Our local club, the North Fulton Amateur Radio League has been preparing for months for this Field Day. Last year, we scored #1 in the nation in Category 3A and have tasted victory. We want more. It is an intoxicating thing, winning.
We have gone to great lengths to train new hams to participate in the operating side of Field Day. Like most large clubs, we have band captains and station bosses to make sure that all operating positions are on the air all the time. This is always a problem in that some people want to operate for an hour, and then settle back and enjoy the barbecue.
You cannot have a Field Day without barbecue, but the real reason for the ARRL to sponsor the event is for local clubs to practice their emergency capabilities and show that ability to the public. Our barbecue was catered by one of our fantastic local ‘cue emporiums, and hamburgers and hotdogs were grilled on site.There were lots of side dishes and deserts to make the most devoted sweet tooth happy.
It did not rain this weekend. Propagation was fine for a summer weekend radio contest. The contacts started out fast and continued at a good pace for most of the evening. In my CW operating position from 10:00 PM to 6:00 AM, there was the inevitable slowing down as the ionosphere lost it’s mojo on the dark side of the earth, but it picked up smartly at dawn.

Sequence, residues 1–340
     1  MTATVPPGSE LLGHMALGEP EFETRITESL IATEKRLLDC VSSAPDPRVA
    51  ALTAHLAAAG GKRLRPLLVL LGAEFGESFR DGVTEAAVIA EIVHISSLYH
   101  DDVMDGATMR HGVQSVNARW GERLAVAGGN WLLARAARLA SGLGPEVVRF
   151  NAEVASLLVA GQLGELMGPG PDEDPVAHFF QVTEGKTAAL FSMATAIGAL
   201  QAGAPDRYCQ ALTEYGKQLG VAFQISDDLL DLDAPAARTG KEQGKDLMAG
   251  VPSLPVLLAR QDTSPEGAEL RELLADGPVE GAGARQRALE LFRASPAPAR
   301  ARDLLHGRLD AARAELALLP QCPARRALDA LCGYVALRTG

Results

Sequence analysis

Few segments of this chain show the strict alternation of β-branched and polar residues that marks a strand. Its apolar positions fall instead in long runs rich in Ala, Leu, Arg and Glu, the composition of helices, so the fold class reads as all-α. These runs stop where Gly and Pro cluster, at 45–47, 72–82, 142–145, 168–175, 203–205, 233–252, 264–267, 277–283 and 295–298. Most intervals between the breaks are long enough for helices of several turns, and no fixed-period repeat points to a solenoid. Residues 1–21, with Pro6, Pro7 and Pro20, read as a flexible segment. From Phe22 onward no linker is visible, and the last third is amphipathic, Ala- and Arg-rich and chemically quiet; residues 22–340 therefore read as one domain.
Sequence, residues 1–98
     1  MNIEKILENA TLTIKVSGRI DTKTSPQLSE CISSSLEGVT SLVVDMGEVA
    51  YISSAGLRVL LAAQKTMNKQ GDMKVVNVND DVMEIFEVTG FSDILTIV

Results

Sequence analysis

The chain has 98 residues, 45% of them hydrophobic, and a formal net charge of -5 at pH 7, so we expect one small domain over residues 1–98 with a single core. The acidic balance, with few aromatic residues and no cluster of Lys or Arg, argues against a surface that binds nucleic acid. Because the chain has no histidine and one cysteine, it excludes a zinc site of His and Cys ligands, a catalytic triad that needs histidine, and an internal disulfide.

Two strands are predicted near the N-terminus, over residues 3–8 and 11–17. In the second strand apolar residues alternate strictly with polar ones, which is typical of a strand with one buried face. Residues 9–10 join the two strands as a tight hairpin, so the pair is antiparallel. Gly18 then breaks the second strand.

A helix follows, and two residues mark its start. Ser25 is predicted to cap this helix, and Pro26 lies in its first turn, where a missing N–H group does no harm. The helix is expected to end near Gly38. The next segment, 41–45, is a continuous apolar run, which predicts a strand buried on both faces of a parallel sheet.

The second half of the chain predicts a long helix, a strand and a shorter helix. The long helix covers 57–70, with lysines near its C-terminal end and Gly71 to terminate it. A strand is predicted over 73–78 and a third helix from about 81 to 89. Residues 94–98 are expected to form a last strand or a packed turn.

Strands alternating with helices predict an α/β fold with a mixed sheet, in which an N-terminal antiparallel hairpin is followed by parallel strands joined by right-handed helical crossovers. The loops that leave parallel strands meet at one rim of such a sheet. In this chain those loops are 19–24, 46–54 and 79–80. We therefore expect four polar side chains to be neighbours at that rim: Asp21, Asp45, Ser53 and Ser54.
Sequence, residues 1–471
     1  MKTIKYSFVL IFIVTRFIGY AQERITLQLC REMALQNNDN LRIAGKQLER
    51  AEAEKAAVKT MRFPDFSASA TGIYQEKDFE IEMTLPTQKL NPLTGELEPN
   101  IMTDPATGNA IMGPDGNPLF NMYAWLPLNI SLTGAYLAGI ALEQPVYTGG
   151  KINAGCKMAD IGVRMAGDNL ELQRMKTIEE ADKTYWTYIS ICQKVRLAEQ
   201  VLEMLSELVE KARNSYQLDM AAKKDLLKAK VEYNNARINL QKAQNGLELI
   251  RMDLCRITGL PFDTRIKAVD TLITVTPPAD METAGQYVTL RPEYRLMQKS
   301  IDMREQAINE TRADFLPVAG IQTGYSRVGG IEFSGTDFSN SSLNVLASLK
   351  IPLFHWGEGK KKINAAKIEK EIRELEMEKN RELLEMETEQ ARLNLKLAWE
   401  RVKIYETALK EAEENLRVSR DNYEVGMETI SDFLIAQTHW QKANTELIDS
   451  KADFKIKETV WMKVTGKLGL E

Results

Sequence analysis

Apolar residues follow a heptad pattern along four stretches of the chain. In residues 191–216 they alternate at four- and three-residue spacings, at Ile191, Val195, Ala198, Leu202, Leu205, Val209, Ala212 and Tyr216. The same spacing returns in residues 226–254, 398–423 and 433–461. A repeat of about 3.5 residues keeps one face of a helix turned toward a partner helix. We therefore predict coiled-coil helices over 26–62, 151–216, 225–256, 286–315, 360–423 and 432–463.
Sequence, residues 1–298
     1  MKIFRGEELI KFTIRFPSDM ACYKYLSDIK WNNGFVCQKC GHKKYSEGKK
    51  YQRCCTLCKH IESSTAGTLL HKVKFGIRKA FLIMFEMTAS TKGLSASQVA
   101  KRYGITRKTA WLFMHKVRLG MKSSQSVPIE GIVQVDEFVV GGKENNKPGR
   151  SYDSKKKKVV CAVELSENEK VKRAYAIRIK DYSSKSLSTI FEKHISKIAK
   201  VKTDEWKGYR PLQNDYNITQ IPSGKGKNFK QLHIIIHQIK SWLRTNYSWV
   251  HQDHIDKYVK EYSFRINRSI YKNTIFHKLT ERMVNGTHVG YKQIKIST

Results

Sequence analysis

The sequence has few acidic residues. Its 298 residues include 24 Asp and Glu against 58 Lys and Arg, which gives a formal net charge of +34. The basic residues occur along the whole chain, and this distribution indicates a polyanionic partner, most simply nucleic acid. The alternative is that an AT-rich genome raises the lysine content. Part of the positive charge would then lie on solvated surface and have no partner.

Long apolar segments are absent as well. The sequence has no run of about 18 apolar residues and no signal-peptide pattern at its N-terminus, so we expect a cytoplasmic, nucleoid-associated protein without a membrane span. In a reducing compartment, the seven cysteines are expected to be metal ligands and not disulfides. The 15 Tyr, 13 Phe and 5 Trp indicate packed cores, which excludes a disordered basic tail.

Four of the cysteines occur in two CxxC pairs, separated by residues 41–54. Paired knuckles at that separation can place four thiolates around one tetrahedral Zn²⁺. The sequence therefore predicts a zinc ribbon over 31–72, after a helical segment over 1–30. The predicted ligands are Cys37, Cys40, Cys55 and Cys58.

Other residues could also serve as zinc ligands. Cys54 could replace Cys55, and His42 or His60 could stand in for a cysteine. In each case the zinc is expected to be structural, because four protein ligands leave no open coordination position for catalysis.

The logging program we used this year was the N1MM log for Field Day. Besides being free, it was a powerful program and facilitated running contacts. It was great. However, not being familiar with N1MM, I had some minor problems not the least of which was how to edit a falsely typed call sign without re-transmitting the entered information. Oh, well. That’s part of growing up.
By the way, I did work N1MM during the wee hours of the morning.
Now that I have had some rest, it is time to count the Q’s, and start making plans for next year’s Field Day.